So my "days off" have entailed learning to use my new toy. Remember I said 'beginner camera', so yes I have a lot to learn. I'm grateful that it is digital and I can take hundreds of trials with all sorts of settings to see what happens.
I'm having lots of fun with it and hopefully getting some nice photos that may worm their ways into new paintings. I just need to start making notes on my settings so I can repeat the successes. Perhaps a hand bound notebook is a new project in my studio soon.
June has made me wonder what my work would look like in a forever home. Playing with an 'art-in-a-room' application gives you a really good idea of how a room can change with a selected painting. So often a work of art is purchased and goes off to a new owner and the artist never gets to see their art in situ.
Below I have selected a number of beautifully staged eye-catching settings to showcase a few of my favourite paintings. In reverse, if you want to see one of my paintings on your own wall, send me a picture of your wall, shot squarely on with the measurement of the wall and I'll pop the painting virtually on your wall - no obligation.
Cooped up for far too long, a trip to a new art supplies shop looks more like a ROAD TRIP! Throw in lunch on a patio and it's almost a summer vacation.
So "where did she go?" you say. I went to 'The Art Factory' in Renfrew Ontario. The Art Factory is a 100 year old foundry on the main street of Renfrew, Ontario. Abstract Painter Patrick John Mills has poured his heart and extensive knowledge into bringing the art community an incredible selection of art materials and a factory that will some day be THE hub of art in the area. Do your own road trip even if you are not an artist you will be blown away by this project.
May Day May Day
"May Day May Day, we're going down!" OK maybe not, maybe the pandemic numbers are just tilting a wee bit to the good. The vaccines are working. Now the scramble to get enough folks jabbed with a first vaccine followed as soon as we can with a second. "They" talk about a double vax summer. Wouldn't that be 'loverly', as My Fair Lady said.
If we could manage the double doses I could meet a friend or two (maybe three or even four) for a long overdue cup of coffee. It was this thought that made me paint "Meet Me For Coffee". But I could not refrain from including a wee bit of separation between me and my besties. We'll do it. We'll do it outdoors. Still cautious. Still careful.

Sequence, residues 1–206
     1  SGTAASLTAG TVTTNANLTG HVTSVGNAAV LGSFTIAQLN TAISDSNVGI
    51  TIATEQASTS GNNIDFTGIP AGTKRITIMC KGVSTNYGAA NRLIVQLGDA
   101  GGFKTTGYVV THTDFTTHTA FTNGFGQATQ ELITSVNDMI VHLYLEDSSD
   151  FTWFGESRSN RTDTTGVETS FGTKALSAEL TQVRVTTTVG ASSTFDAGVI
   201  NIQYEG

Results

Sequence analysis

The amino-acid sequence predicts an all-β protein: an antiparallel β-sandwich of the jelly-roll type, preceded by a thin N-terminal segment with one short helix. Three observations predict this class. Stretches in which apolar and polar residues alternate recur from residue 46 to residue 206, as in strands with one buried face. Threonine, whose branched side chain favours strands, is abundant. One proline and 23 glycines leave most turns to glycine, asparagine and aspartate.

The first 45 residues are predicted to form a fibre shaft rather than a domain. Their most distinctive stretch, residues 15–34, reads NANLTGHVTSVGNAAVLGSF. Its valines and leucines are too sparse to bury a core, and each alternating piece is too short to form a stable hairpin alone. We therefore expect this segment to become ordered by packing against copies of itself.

April Fools Day
I waited with baited breath for April First to see if this whole pandemic mess was really just one fat worldwide April Fool's Day joke. Turns out it was and is not. And we are still, despite vaccines getting into arms, not keeping our heads above water more than just to keep breathing. It's exhausting.
The latest "thing" is the numbers of people who are violating all the rules that have been set up to keep us safe and to push numbers down. People protesting against these rules without any realization that this is not going to end any time soon if they don't follow the rules and remain cautious.
Below is what came to me right after a news story about protesters. "Then They Protested" is a group too close together, flinging off their masks, walking on their masks and breaking all sensible restrictions.
March marks my birthday month. This is the second pandemic birthday for me. I said last year that I was not celebrating therefore I was not counting it sooooo that means I'm the same age I was last year. Do you think I can get away with that two years in a row? Yes. OK you are now my best friend.
How do you celebrate without friends and family? I'm an artist so that means, of course, PAINT! Candy Floss was always a sticky sweet treat when I was a kid and it brought me pleasure. I even got it for free because my grandmother's friend worked on the candy floss booth at the fall fair. At my age, it is far to sweet for me now so why not translate that childhood happiness into paint.
With great joy the news of vaccinations becoming available gave most of us a bit of a skip in our step. Even with the knowledge that getting it to the bulk of the population was not going to happen tomorrow, it was still the inspiration for my next painting, "Light at the End of the Tunnel".
Even in the dead of winter with no possibility of hugging a palm tree on a tropical island any time soon, I felt downright euphoric.
eu·phor·ic -- elated, happy, joyful, joyous, delighted, gleeful, excited, exhilarated, jubilant, blissful. These are most definitely not the usual words that I think of in February in Canada. In a normal year, I just want February to be over... kind of like what I'm thinking about my relationship with this pandemic. Generally the feeling I usually have when I painted "Stormy Weather" but some folk love storm watching. All to his own I say.
I am preoccupied by the intuitive journey that paint takes me on with its colour and texture when working with layers that can be revealed through scratching back, rubbing away or lifting, to bring back the history of the previous layers.